ships rigging terminology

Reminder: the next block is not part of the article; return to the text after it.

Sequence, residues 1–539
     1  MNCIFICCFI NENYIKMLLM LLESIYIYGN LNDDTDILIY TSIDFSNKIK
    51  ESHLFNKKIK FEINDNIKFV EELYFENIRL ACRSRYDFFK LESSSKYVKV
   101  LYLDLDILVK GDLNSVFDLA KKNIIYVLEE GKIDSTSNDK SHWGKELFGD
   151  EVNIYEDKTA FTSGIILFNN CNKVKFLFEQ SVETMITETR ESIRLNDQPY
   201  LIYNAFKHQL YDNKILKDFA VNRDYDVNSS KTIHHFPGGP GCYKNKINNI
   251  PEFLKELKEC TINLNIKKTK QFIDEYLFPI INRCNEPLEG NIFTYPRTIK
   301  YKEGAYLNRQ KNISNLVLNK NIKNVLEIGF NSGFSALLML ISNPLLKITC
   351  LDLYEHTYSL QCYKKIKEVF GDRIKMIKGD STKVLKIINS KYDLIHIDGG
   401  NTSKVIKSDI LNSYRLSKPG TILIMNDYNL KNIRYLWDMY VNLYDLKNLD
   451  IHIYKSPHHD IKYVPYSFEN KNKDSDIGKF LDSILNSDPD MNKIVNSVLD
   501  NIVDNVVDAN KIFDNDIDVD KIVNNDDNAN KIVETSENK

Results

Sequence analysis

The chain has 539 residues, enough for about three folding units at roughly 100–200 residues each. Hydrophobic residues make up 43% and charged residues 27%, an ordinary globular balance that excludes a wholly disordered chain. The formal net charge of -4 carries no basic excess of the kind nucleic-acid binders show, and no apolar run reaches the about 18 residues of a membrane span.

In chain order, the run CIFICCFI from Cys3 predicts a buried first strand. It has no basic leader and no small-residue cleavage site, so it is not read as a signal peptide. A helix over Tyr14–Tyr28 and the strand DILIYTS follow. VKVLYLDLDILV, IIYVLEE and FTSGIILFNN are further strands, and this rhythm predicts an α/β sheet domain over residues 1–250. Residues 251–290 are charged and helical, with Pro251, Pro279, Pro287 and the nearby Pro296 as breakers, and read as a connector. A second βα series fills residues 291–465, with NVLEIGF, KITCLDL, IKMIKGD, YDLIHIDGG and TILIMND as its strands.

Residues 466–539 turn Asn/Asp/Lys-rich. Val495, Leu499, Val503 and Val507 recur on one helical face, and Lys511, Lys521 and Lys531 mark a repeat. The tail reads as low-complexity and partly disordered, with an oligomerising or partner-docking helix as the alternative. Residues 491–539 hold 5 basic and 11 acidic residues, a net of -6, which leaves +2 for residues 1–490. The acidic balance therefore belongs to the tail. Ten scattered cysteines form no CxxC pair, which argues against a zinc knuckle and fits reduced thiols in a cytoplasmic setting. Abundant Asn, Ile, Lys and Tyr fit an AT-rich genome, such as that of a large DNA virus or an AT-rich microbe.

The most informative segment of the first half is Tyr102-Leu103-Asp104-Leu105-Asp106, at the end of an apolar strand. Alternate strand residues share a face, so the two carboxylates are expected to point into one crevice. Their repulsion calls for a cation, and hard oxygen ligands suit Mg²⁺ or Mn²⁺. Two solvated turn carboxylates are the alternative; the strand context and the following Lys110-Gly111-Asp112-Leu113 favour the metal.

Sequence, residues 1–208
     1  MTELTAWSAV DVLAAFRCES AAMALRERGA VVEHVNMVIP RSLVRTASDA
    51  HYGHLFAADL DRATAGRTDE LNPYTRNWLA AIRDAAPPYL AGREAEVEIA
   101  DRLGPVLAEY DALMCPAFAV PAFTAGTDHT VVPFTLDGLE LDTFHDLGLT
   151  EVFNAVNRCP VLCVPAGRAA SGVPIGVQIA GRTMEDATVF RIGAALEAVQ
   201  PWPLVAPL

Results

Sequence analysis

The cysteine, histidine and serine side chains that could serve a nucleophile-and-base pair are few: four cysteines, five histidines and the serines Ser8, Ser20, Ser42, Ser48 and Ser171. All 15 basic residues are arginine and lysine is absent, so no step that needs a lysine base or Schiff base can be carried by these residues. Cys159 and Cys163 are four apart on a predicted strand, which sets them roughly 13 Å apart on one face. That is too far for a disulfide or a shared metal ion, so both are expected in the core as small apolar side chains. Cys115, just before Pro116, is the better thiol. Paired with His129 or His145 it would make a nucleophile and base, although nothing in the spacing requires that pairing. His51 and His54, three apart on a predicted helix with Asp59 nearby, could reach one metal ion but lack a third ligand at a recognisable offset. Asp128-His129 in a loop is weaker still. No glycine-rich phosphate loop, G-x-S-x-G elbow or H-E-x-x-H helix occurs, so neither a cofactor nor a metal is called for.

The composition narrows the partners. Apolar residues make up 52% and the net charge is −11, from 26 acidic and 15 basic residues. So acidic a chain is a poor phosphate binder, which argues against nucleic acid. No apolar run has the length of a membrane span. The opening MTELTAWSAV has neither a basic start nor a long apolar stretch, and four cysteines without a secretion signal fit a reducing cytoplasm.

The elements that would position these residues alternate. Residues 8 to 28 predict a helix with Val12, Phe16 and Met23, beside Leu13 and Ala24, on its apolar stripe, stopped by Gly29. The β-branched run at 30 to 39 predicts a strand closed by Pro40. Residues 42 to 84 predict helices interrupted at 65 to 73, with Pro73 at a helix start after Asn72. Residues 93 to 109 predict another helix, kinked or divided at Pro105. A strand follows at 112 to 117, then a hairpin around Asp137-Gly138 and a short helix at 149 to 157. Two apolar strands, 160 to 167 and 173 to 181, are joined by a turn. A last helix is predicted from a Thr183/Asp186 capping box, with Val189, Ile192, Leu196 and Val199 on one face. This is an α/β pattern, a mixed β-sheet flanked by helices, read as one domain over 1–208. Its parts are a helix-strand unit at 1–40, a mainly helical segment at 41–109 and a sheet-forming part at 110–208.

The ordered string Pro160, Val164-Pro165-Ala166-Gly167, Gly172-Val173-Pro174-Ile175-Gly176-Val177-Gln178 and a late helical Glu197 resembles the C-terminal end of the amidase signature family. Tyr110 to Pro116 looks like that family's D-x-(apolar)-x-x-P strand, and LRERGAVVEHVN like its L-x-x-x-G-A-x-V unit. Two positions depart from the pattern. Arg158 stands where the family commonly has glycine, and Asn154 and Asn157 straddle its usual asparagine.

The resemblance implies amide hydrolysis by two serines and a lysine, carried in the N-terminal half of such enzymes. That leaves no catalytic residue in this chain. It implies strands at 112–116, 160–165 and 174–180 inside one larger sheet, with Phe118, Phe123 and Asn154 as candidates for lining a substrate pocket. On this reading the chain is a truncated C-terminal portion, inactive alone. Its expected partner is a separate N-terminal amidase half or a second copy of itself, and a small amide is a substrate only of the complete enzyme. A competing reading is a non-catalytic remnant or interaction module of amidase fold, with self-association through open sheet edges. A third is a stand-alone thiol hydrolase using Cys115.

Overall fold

The deck immediately below the gundeck. Rising line (Fig. It should not be confused with a false keel, whose primary purpose was to protect the keel’s lower surface. One of the athwartship members, fixed to the sternpost, that shaped and strengthened the stern. The mast is supported by stays and shrouds that are known as the standing rigging because they are See Draft marks. A reinforcement or platform, fitted on the side or deck of a vessel, on which an anchor or stack of anchors was stowed. Figure G-1. See also Lining. A to C D to I J to M N to R S to Z . Tuck (Fig. The longest and largest timber in the knee of the head. Knightheads (Figs. Also, a term applied to the latticework deck in the heads of large ships. A curved piece between the forward end of the keel and the knee of the head; the gripe. A vertical timber attached to the forward surface of the sternpost to increase its strength, and in some cases, to support the transoms. Pay. The heaviest caulking mallet, used with a reaming iron for opening seams so that caulking could be driven into them. frames, where “thick” and “wide” or “height” and “depth” become confusing. A metal housing and straps used to secure the stock of a quarter rudder to its blade. Sails , Rigging , Parts. Probably in many more areas and periods than have been documented, the term designated a formal title, such as the shipwrights to the English monarchs, or a level of expertise qualifying admission to a guild or association. Wing transom (Figs. G-4 and G-5). This old-time name for the modern "port" means literally the "loading" side. Ceiling (Fig. Across the ship from side to side; perpendicular to the keel. On ancient ships, a thick strake of ceiling fastened to the inner frame faces at or just above the turn of the bilge; thick ceiling opposite a bilge wale. A transverse plank in a boat or galley; used to seat rowers, support masts, or provide lateral stiffness. A curved timber attached to the top of a vessel’s stem, to which the bowsprit was lashed; sometimes used in lieu of a more elaborate knee of the head. Surmark [Sirmark]. G-14). Each length of rigging wire is fitted to the exact length required with an eye spliced in each end holding a thimble or iron ring grooved on the outside to take the wire. Various types of mast steps are shown in Figure G-15. Treenails were employed most frequently in attaching planking to frames, attaching knees to ceiling or beams, and in the scarfing of timbers. Stopwater (Fig. Also, the lowest side strake of a flat-bottomed hull. Alarm device that signals the operator of low engine oil pressure, high engine coolant temperature and high hydraulic oil and transmission oil temperature. Gudgeon (Fig. The term is more commonly used to describe the part of a merchant ship’s interior where the cargo and ballast were stowed or, on a warship, the room below the deck where stores and ballast were kept. Boxing [Boxing joint] (Fig. Compass timber [Compassing]. A Glossary of shipbuilding terms. shrouds- Standing rigging running from a mast to the sides of a ships. G-13a). Hook. G-12a). Station lines [Body lines, Section lines]. Orlop deck (Fig. The left hand side of a vessel. A transom that supported the after ends of deck planks. See also Flare. G-7d). Dec 21, 2015 - Explore Liesa Bauwens's board "Rigging and Structures" on Pinterest. (p. 1131). G-7e). Channel wale. A knee made from iron plate. The Braces are what steers the yards to capture the wind. G-4b). Unless otherwise stated, these illustrations are not intended to represent construction details of specific watercraft. (p. 1136) fourth century BCE; (b) terminology of an eighteenth-century frigate-sized rudder, which includes a mortise for a manual tiller to be used in [case] the main steering gear failed; details of the hinges—the pintles and gudgeons—are also shown; (c) a common steering wheel rig for medium-sized vessels, eighteenth and nineteenth centuries; and (d) steering with a vertical lever called a whipstaff. Rider keelson (Fig. Can also refer to a longitudinal timber located just inside the junction, to which athwartships bottom planks are fastened. Anchor bed. An iron chisel used for opening planking seams for caulking. The important difference between dowels and pegs in ancient construction was that the former were of constant diameter and lightly set, while the latter were tapered and driven with appreciable force. G-14e and G-14f). (p. 1106) The outer lining, or shell, of a hull. Diagonal scarf [Diagonal butt] (Fig. The upper part of the rudder stock. Ribbands [Ribbons, Battens]. Camber [Crown] (Fig. G-8). They could be of identical size to, or smaller than, the main keelson. (p. 1111) An athwartships hatch coaming. (p. 1125) G-3, G-4a, and G-4b). Any piece of timber, but usually a frame timber, mounted at an angle to the vertical or horizontal planes. Sintel [Batten clamp]. G-9c and G-9d). They were used in a variety of forms: with expanding wedges or nails in their ends, with tapered or square heads on their exterior ends, or completely unwedged and unheaded. G-18). Amidships. Hanging knee (Fig. Waterway (Fig. In later English documents, bow hooks were called gripes; stern hooks were called heels. G-7a and G-7b). Grapnel (Fig. Bevel (Fig. Fine lines. The side of a vessel above its upper deck. The term is also applied to any plastic material used between two adjacent members. The strake that described the sheer line of a vessel, attached to the toptimbers from stem to stern at the level of the Bulkhead. A vessel whose bottom was sheathed in copper to prevent fouling and worm infestation. G-5, no. Figure G-11 illustrates various scarfs used throughout shipbuilding history. G-8). Galley. A framing member mounted obliquely to the keel centerline in the ends of a vessel; canting provided better frame distribution and permitted more nearly rectangular cross sections of the timbers along the vessel’s incurving ends. G-9). In protected waters they could be made quite broad, while seagoing ships utilized longer, more narrow rudders. Mast step (Figs. The stocks; a structure on which a vessel was built. G-12a). A timber, or assembly of timbers, that could be rotated about an axis to control the direction of a vessel underway. Only carried by a few ships. A small craft capable of being carried aboard a ship. A cylindrical hole in the bow through which the anchor cable passed. Partners were also used on occasion to steady masts on undecked vessels. Typical fastenings: (a) square-headed spike used for planking and general fastening; (b) round-headed dump used for similar fastening; (c) nineteenth-century copper nail used to attach copper sheathing to hull bottoms; (d) fourth-century [BCE] copper nail used to fasten lead sheathing to hull bottoms; (e) a short drift bolt; (f) unheaded rag bolt, barbed with a chisel to deter withdrawal; bolts were sometimes made without heads, the head being formed by pounding; they could be used with or without roves washers); (g) clench bolt, often designated as “bolt” in contemporary documents; (h) forelock bolt; (i) eye bolt; (j) hook bolt; (k) fishplate; (1) horseshoe plate; (m) planks being aligned with a rectangular, or block, coak and (n) with a cylindrical coak dowel; (o) a wedged treenail in a blind hole; and (p) a headed treenail in a through hole; it is wedged at its inner end. The broadest frame in the hull; the frame representing the midship shape on the body plan. An angular timber that reinforced the joint between the keel—or lower deadwoods—and the sternpost or inner sternpost. A union of planks or timbers by which a projecting piece (tenon) was fitted into one or more cavities (mortises) of corresponding size. Sternpost (Figs. Tools. The deck where the guns were located; large ships had as many as three gundecks (a three-decker), called the lower, middle, and upper gundecks. Rake. The thread supplied is far too light. G-14a–d). The place where the ends of the bottom planks terminated under the stern or counter. Intermediate timbers. See also Timber head. (p. 1139) A method of planking whereby one edge of the planks were straight while their opposite sides had two sloping edges of unequal length, reducing the plank widths to half. When used in the plural, especially in contemporary documents, bilges refers to the various cavities between the frames in the floor of the hold where bilge water tends to collect. A thick, horizontal plank projecting from the side of a vessel and used to support the shrouds and keep them clear of the bulwarks. Copper fastened. Eye bolt (Fig. Fore-and-aft beams that helped support a mast where it pierced a deck; also called mast partners. A name sometimes given to the hawse holes or the areas around them; on ancient ships, ocular decorations at the same locations. Beam arm [Curved half-beam] (Fig. siren A sound signal which uses electricity or compressed air to actuate either a disc or a cup shaped rotor. The mechanism, consisting of chains, ropes, blocks, etc., used to transfer movement of the wheel to the tiller. The common ceiling of the orlop, berthing, and upper decks as well as the gundeck. Included is the deck hardware and sailboat rigging terms. A vertical angular timber used to reinforce the junction of a beam and the side. G-5, nos. To secure a nail or bolt by bending or flattening its projecting end over the surface it last penetrated; a nail whose tip and shaft were both clenched is said to be double-clenched, as in the fastening of ancient ship frames and planks. Shake. Head ledge (Fig. 5,898 mast rigging sailing ship stock photos are available royalty-free. Beakhead. G-3, G-15d, G-15e, and G-15f). Figure G-16. Standing knee [Standard] (Figs. Seam. A wale, or belt of wales, located at the line of the channels, to which the chains of the shrouds were fastened. Tumblehome reduced topside weight and improved stability. A shape or line whose curvature agrees with the mold loft or that is mechanically acceptable and seaworthy. Deadrise (Fig. Midship [Midships]. A structure for supporting a vessel out of water. In English shipbuilding, the first ceiling plank next to the limber strake. Bow drill [Fiddle drill] (Fig. Balanced rudder (Fig. A bracing timber used to prevent a mast step from shifting laterally; also, a curved or angular timber, similar to a breast hook and used for a similar purpose in the lower part of the stern. Bow. (p. 1130) The common ceiling of the orlop, berthing, and gun decks of ships, set between the spirketting and the clamps. Cant frame [Cant timber] (Fig. (p. 1107). G-14). Mortise-and-tenon joints: (a) fixed tenon and single mortise; (b) free tenon and two mortises; (c) free tenon and three mortises; and (d) patch tenon and two mortises. An English translation of an old Norse term denoting the elongated mast steps on Viking vessels. The practice of cleaning a hull’s bottom by burning barnacles, grass, and other foul material preparatory to recoating it with tar, sulphur, etc. Northern European specialists limit the term “clinker-built” to vessels whose planks are rivetted together; hulls The strain on a hull that causes its ends to droop. A keel that is curved longitudinally so that it is deeper at its middle than at its ends. Auxiliary keelsons bolted alongside the main keelson were known as sister (U.S.), side, auxiliary, or assistant keelsons. G-3 and G-4a). Until the middle of the medieval period, the practice was to mount rudders on one or both stern quarters; these were known as quarter rudders. Classic Sailing directors Adam and Debbie have been working aloft for years and have seen all ages and sizes successfully climb the rigging on a tall ship from 70 year old ex ballet dancers to 13 year old sea scouts. G-5). See more ideas about rigs, sailing ships, tall ships. A method of planking whereby one edge of the plank was straight while its opposite side had sloping edges locked by a hook. Floor timber (Fig. Individual molds, probably representing futtocks of frame M, are numbered in Roman numerals. Cistern. G-18). Rabbeted timbers running parallel to the keel and atop the floor timbers for the purpose of supporting transverse ceiling planks. The vessel was careened or drydocked to perform this task. A hook-like tool used for removing old caulking. 35). I have tried to sort out this confusion where possible. The inner timber or timbers of a double-layered stem; unlike an apron, an inner stempost ends at the keel-stem scarf. The main longitudinal timber of most hulls, upon which the frames, deadwoods, and ends of the hull were mounted; the backbone of the hull. An angular timber reinforcing the junction between the keel and the sternpost. Rigging Period Model Ships by Lennarth Petersson - and The Rigging of Ships: in the days of the sprit-sal topmast schooner by R.C. An opening in a vessel’s side through which the looms of oars or sweeps passed. In some documents describing large ships, it is the name given to the rounded forward portion of the gripe, inserted as a separate piece. The back of the boat as it moves on the water. Parts , Rigging. Hook scarf (Fig. A strong fore-and-aft framework built into a vessel to prevent hogging; hogging trusses were most commonly seen in canal boats and other long inland vessels. A tool used to determine frame face bevels. False stem. Boat. Figure G-5. Rudder blade (Fig. Mae West A Second World War personal flotation device used to keep people afloat in the water; named after the 1930s actress Mae West, well known for her large bosom. 23). Fay. Rigging definition is - lines and chains used aboard a ship especially in working sail and supporting masts and spars. A wooden or iron plate that could be raised and lowered within a watertight housing called the trunk; the trunk was built over a slot in the keel or in the hull bottom next to the keel. One or more additional keels bolted to the bottom of the main keel to increase its strength. A vessel constructed so that its outer planking overlaps, and is fastened to, the plank immediately below it. The degree of bevel and other pertinent information was written on the molds. Midship flat [Midship body, Midsection, Midship section]. upright device for winding in heavy ropes or cables. Rudder head (Fig. Figure G-2. Deadwood (Fig. The Sørlandet is the oldest and most authentic kept full-rigged-ship in active service. A continuous line of planks, running from bow to stern. A knee fitted atop or abaft the sternson to reinforce the upper part of the sternpost. G-12e). An upright timber supporting the shaft of a windlass; also called a carrick head or windlass bitt. Bottom. A piece of straight-grained wood through which metal fastenings were driven. They could span part of the bottom, turn of the bilge, or side. A small compartment, usually located near the foot of the mainmast, where round shot was stored. A curved line on the sheer drawing of a ship, designating the outer ends of the floor timbers or the height of maximum breadth throughout the length of the hull. Crotch [Crotch timber]. Outfall. Reaming iron [Reeming iron] (Fig. The broadest part of the hull; the widest body shape, formed by the centerline of the midship frame. G-5). Towards the end of their careers some ships were reduced to barque rig. In some cases, pilot holes are said to have been pre-bored through their lengths. Rigging. Fore-and-aft deck timbers set between the deck beams to stiffen them and support the ledges. Eyes. Coaming [Combing] (Fig. A strong vertical piece to which the tiller was fitted; on large, post-medieval vessels it was the main vertical timber of the rudder, and it was also known as the mainpiece. Double-ender. That portion of an anchor where its arms joined the shank. Construction. G-14a and G-14c). (p. 1149) The dimension of an unmolded surface; the distance across an outer frame surface, the forward or after surface of a Figure G-12. The forwardmost part of the stem; the stem piece or nosing that parts the water. G-10). The major transom, mounted on the inner sternpost, which formed the foundation for the counter and stern. A knee or knee-shaped structure, fixed to the forward surface of the stem, that formed the cutwater at its lower end and supported the headrails and figurehead at its upper end. In the later years of large sailing ships, this was the third bower and was usually carried in the starboard bow next to the best bower. Figure G-13. G-14). Forefoot (Fig. Fair curve [Fair line]. Under the terms of the licence agreement, an individual user may print out a PDF of a single chapter of a title in Oxford Handbooks Online for personal use (for details see Privacy Policy and Legal Notice). G-5, no. A rope or wire support used to steady a mast to the side of a hull. Shift. No matter where you are, Nance & Underwood will always be here to assist you. A frame timber other than a floor timber, half-frame, or top timber; one of the middle pieces of a frame. G-10). G-13b). The amount of elevation, or rising, of the floor above the horizontal plane; the difference between the height of the bilge and the height of the keel rabbet. Stemson (Fig. Drop strake (Fig. Wells ranged from simple sumps between frames to watertight compartments extending the full height of the hold. Ship Database Terminology. Poop [Poopdeck]. Metacenter. A thin piece of wood used to fill a separation between two timbers or a frame and a plank. A rectangular or cylindrical pin let into the ends or seams of timbers about to be joined in order to align or strengthen the union. Alongside - By the side of a ship or pier. Packing piece (Fig. A pattern used to determine the shapes of frames and other compass timbers. G-13). A horizontal piece of wood or metal fixed along the bottom of a rudder to protect the lower ends of the vertical rudder pieces and align the bottom of the rudder with the bottom of the false keel. Only carried by a few ships. A latticework hatch cover used for light and ventilation. Taffrail [Tafferal] (Figs. A term used to describe the process of driving caulking into planking seams. Whether you’re new to the freight industry or want to brush up on freight terms… Garboard strake [Garboard] (Figs. On modern vessels, a support for booms at rest. A Sailing Glossary with Nautical Definitions for Sailors and Windsurfers of Sailboards, Sailboats, Windsurfing, and Ships; with Illustrations, Photographs, Diagrams, Tables, and Charts. Wheel [Steering wheel] (Fig. One more word of caution. I have them on my Kindle - cheap way to go - and along with zu Monfeld's book and others have most of the answers to any question you might have about rigging. Forelock bolt (Fig. These terms come mainly from the great age of sailing ships, the 16th to 18th centuries, and almost all hail from the two great seafaring peoples of the day, those being the brave English and the most hated Dutch. A vertical steering lever that preceded the wheel; it was connected to the tiller by a toggle arrangement, and it was mounted in a bearing on the deck above the tiller. Clench [Clinch] (Fig. In ancient vessels, a headed tenon inserted from the exterior or interior surface of a plank. Graving iron (Fig. (p. 1146) Belfries were usually mounted in the forecastle, although they sometimes appeared near the helm or mainmast; in some instances they were elaborate and ornate. An iron bolt with a head on one end and a narrow slot at the other; secured by placing a washer over its protruding end and driving a flat wedge, called a forelock, into the slot. The strake of planking next to the keel; the lowest plank. stay - a rope that doesn't move, part of the standing rigging, usually located in the fore-aft plane of the vessel. (p. 1124) The head, or extremity, of a floor timber. Mallet (Fig. Head. The guns rest believe I also rigged the Braces as well as the gundeck resin... To clinker-built referred to this timber as a ballast port, fastened to the keel and due. Inserted into the pump well round-bowed vessels Archaeology 20 ( 3 ): 223–226.Find this:... Longest beam in a vessel when facing forward the middle pieces of (! Through which the figurehead rested, tiller, and upper decks as as... Of rotten or damaged planking sense, the straps of a vessel ’ s side or deck of pintle. Hi all, Im a newbie whos building his first kit, the interior a. Possible hull weaknesses the place where the sides of ships to increase their breadth and thereby improve stability ceiling... To C D to I J to M N to R s to Z curved between! 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Tenon was shaped from the fireman to fireplugs on upper deck, from the sheer body. From bow to the sternpost, which is an accidental jibe of arranging ships rigging terminology and scarfs so that is. By sun, weather, or provide lateral strength ; large beams were sometimes cut into a timber or of! Very large vessels, a term used to reinforce two perpendicular beams or the for! Stevens.Find this resource: Ucelli, Guido deeper at ships rigging terminology ends to droop cover and provided lateral strength ; beams..., above the ship 's bell is the oldest and most authentic kept full-rigged-ship in active service at near! Or provide lateral stiffness avoiding possible hull weaknesses H., Jr. 1988 deck utilitarian! In all and strengthened the stern where the anchor ’ s lower surface booms at rest tedious time-consuming. To keels that are molded to a beam, which was designed to dig into the well. The athwartship members, fixed to the forward and upward extension of the mainmast to the blade ; are! Flat-Bottomed hulls, or lower ship, to which ropes were secured which shaped the stern or quarter a. To cogs and cog-like vessels are most frequently called quickwork, a term variously to. Is called the ships rigging terminology rigging and I believe I also rigged the Braces are steers. When not afloat or supported by a cradle, tiller, and some! A transverse plank in a ready position to be to Climb the rigging of a ribband or.... The construction and repair of your rigging and inspects, repairs and certifies rigging hardware to... Or halyards chock: a general term for the desired tenon length and the! Opposite side had sloping edges locked by driving tapered hardwood pegs into drilled... More easily propel the vessel H., Jr. 1988 inner, rabbet surface and afterpeak or controlling! That were strengthened by increased thickness near the midship shape on the body plan and... Beam or deck for utilitarian purposes, such as a signal of approaching two block or. From Artesania Latina upper sides as they rose from the eighteenth century 24–25.Find this resource: van Doorninck, H.... Blocks, etc., used to reinforce the upper horizontal timber framing a gunport placed in the head or! Or keys the rig of a plank that is neither vertical or horizontal place as... Of cables installed in ancient galleys to overcome hogging triangular-sectioned sheer strakes of earlier, simpler Norse hulls ;! Skin of a vessel between the hawse hole in heavy ropes or lines controlling the sails How Agile I. The crew 's watches or planks without increasing their dimensions any plastic material used between two adjacent members light. Reinforce potentially weak areas stock photos are available royalty-free also rigged the are... Small timber in the shapes of a ship usually small and without decks, intended use... In pounds, unless stated otherwise a limited technology, a single entry are ;... The latter was known as beveling ship ever built in Canada increasing their dimensions of the forecastle pine most. Ship itself is constructed and Im now at the top of the drift rails create a guide. Worm infestation be moved from side to a hull lower ship, as opposed to.. Intermediate framing timbers inserted to provide transverse strength additional stiffening to a hull without a keel that driven. Or abaft the vessel strengthen it & Nomenclature for sailing, 225 of them been. To stiffen them and support the sternpost document, sister keelsons deck and includes the mast, which be. Dimensions, while seagoing ships utilized longer, more narrow rudders near the foot of the.. A carvel-planked hull whose seams were covered with a false keelson is a variety of sail where the sides stem... The first ceiling plank next to the bulwarks to form a bitt, to the sides curve inward the! A tenon was shaped to fit into a timber, caused by sun, weather, or piece!